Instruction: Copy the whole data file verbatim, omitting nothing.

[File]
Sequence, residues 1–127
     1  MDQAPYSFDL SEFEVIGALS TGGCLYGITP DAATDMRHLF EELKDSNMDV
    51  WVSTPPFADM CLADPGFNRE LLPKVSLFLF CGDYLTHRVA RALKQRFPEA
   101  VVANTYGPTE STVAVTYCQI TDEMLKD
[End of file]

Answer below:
Sequence, residues 1–127
     1  MDQAPYSFDL SEFEVIGALS TGGCLYGITP DAATDMRHLF EELKDSNMDV
    51  WVSTPPFADM CLADPGFNRE LLPKVSLFLF CGDYLTHRVA RALKQRFPEA
   101  VVANTYGPTE STVAVTYCQI TDEMLKD